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Jackie Robinson Ballpark up for national recognition

Jackie Robinson Ballpark

Some good news to pass along on Jackie Robinson Day: Daytona’s Jackie Robinson Ballpark, a key site as Robinson prepared for his groundbreaking MLB debut, is being nominated as a National Historic Landmark.

Jackie Robinson Ballpark is currently home to the Daytona Tortugas (Single-A; Florida State League) and Bethune-Cookman University baseball. Before making his April 15, 1947 debut with the Dodgers Robinson spent a year with the Montreal Royals in the 1946 MiLB season, training with the team in Florida. In the 1946 season Brooklyn fielded 21 farm teams, ranging from the Royals and St. Paul Saints at the Triple-A level to the Fort Worth Cats in the Texas League, the Nashua Dodgers in the New England League, the Trois-Rivieres Royals in the Canadian-American League, and the Daytona Beach Islanders of the Florida State League, then a Class D league. Besides serving as home of the Islanders, City Island Ballpark was also the spring-training home of the Brooklyn Dodgers MLB squad for a single year before the team shifted spring training to Cuba in 1947.

The Montreal Royals camp was initially located at Sanford Municipal Athletic Field, near downtown Sanford and next to the current Sanford Memorial Stadium, with workouts also slated for Kelly Field. Training camp did not start smoothly for Robinson: on the second day he was warned that Sanford residents did not want him there, leading Rickey and the Dodgers to move the Royals training camp to Daytona Beach.

On March 17, 1946, Robinson made his Montreal Royals debut at City Island Ballpark against the Dodgers, before a crowd of over 4,000. Rickey, a devout Methodist, was not on hand for the Sunday game, but he didn’t miss much past the history of Robinson integrating pro baseball: the Dodgers won, while Robinson went hitless and scored a run. There were no incidents in the stands or on the field, and Robinson won praise from Brooklyn manager Leo Durocher, who said he “looked like a real ballplayer out there.”

As long as the Dodgers and Robinson promised to recognize the city’s segregation laws, local officials promised peace. Those segregation laws extended to City Island Ballpark, remnants you can still see at the modern Jackie Robinson Ballpark: the shaded first-base grandstand seating is the former whites-only section, while the unshaded grandstand down the third-base line was the Black seating area. (Segregation like this was a common practice in MiLB and spring-training ballparks of the era.) At the end of the day, Jackie Robinson’s monumental feat of integrating spring training comprised several games at City Island Ballpark and less than two innings played at Sanford Municipal Athletic Field. Many of the ballparks where Robinson played in that 1946 spring training, such as Kelly Field and Jacksonville’s Durkee Field, still stand.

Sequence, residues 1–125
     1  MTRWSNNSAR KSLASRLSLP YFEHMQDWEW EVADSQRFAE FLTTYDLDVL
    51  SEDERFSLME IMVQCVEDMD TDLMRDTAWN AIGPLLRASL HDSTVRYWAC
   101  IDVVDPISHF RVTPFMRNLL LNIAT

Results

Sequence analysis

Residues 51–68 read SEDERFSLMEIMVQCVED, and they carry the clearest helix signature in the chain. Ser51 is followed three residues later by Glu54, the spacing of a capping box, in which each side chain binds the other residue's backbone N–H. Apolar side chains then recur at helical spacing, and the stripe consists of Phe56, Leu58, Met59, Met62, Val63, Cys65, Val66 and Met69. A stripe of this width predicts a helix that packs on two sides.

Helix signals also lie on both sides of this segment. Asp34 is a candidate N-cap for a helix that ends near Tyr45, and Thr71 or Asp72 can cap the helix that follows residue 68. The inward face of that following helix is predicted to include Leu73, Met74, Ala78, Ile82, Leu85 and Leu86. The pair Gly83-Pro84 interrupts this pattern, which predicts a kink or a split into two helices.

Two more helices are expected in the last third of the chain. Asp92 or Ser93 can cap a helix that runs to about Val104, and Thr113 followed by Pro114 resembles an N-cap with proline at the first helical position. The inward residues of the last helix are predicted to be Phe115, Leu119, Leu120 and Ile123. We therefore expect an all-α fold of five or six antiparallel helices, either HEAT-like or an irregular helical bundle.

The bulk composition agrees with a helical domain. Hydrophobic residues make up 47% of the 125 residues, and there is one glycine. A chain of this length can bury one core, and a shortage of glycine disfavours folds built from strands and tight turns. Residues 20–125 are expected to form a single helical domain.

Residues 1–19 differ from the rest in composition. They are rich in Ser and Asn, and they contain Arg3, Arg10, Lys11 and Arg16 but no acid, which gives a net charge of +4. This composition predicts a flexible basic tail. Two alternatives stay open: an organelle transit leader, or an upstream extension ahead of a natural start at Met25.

(We cover Robinson’s 1946 spring-training travails in more detail in our Complete Guide to Spring Training, and we have 2025 Florida and Arizona editions planned. Subscribe to the August Publications newsletter for information about our spring-training books and other titles.)

Today, Jackie Robinson Ballpark is a revered site in professional baseball, as the city embarks on renovations allowing the Tortugas to meet MiLB’s facility guidelines. Jackie Robinson Ballpark is considered the oldest ballpark in Minor League Baseball, opening on June 4, 1914. Legislation in both the U.S. House and Senate would designate the ballpark as a National Commemorative Site and direct the Secretary of Interior to conduct a feasibility study to give the site the designation of National Historic Landmark. The bill is co-sponsored by the entire Florida House delegation and has the support from both Major and Minor League Baseball.

“We are extremely honored to be entrusted with further stewarding the legacy of Jackie Robinson in Daytona Beach,” said Bob Fregolle, Co-owner & Operating Partner of the Daytona Tortugas, via press release. “This designation is greatly appreciated by the community here and will only strengthen his legacy for generations to come.”

RELATED STORIES: Tortugas announce Kelly Field renovation plan

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